Pan Caliente: Pedropiedra

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Pan Caliente blogheader_600x133_finalDespite having graced stages like Vive Latino (twice) and Lollapalooza (Chile), Pedropiedra is that rare breed of musician that would rather spend his entire time recording in the studio than on tour performing for people.

However, his passive approach to performing and lack of interest in putting on a great show seem to have the opposite effect on massive crowds that I’ve seen gather to watch him.

Pedropiedra’s music is top notch and anything but boring.

With three solid albums under his belt, Pedro, whose proper surname is Subercaseaux, has been one of the staples in Chile’s independent music scene since 2009, along with fellow cantautors (singer/songwriters) Fernando Milagros and Gepe.

In fact, this very trio will sometimes tour together and play in each other’s projects when there isn’t enough resources to take three separate bands on the road. And some of the recorded collaborations between all three of them are damn near masterpieces.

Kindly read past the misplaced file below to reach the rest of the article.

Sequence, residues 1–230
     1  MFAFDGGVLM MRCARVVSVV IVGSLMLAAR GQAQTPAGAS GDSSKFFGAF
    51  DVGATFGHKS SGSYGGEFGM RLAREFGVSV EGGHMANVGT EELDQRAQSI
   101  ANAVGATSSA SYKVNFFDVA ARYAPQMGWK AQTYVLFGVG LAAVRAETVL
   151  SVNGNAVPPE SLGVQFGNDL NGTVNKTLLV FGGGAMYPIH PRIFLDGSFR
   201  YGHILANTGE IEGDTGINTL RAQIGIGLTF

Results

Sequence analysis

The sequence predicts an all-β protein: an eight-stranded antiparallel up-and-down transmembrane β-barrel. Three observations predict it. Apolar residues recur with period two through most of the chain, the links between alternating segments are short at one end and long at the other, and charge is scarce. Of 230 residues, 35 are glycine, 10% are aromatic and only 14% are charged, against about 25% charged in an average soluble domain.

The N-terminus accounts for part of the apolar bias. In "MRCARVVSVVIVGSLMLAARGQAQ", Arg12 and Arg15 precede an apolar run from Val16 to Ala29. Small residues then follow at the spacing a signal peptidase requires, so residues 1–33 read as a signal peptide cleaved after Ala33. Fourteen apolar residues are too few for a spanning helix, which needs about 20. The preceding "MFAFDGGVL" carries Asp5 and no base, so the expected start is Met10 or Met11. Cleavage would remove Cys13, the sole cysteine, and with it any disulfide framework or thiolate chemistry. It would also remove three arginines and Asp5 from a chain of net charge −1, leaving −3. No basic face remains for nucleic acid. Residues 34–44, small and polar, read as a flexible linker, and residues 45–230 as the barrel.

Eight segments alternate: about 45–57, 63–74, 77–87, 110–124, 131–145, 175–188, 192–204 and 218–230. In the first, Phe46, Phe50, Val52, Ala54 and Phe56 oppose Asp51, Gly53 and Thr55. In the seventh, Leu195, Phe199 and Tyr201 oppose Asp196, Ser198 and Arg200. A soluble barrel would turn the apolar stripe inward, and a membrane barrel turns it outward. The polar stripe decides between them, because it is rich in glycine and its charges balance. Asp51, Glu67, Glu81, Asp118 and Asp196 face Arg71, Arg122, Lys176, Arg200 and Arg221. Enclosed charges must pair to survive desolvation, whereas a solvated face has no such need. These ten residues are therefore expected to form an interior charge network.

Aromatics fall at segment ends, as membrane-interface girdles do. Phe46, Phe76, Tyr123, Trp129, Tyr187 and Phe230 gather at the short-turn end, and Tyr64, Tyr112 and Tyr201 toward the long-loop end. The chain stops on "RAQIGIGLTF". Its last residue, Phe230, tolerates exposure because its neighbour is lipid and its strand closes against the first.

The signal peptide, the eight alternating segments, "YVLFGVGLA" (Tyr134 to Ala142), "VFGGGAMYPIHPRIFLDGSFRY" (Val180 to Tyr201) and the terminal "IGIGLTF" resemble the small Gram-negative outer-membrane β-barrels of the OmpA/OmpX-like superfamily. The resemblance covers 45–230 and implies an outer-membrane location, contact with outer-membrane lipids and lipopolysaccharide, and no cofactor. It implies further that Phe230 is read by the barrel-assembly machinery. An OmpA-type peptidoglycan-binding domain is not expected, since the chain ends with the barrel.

Pedropiedra’s sound is in between genres, there’s elements of romanticas sprinkled in amongst subtle electronic backbeats with vocal cadences that would align easily within hip-hop structures. His voice is tender and rough at the same time and employs that off key tonality that many indie bands perfect.

In all of his songs, melody reigns supreme and that is where the beauty and allure lie for me in Pedropiedra’s music.

His three albums are each great to listen to from front to back and the variations in style develop differently in each. The self-titled debut skews slightly towards more pop filled songs where as 2011’s “Vida y Cripta brings out a darker bluesy side.

On his latest release, “Emanuel” there is a bit more groove brought about by horns and woodwinds and there is an undertone of 80’s melancholia.

Standouts within his catalogue are the bossa funk inspired “Vacaciones en el Mas Alla”, the gloomy sounding ode “Lima”, and one of my all time favorite songs “Inteligencia Dormida” which talks about his life struggle with being underestimated.

— José Galvan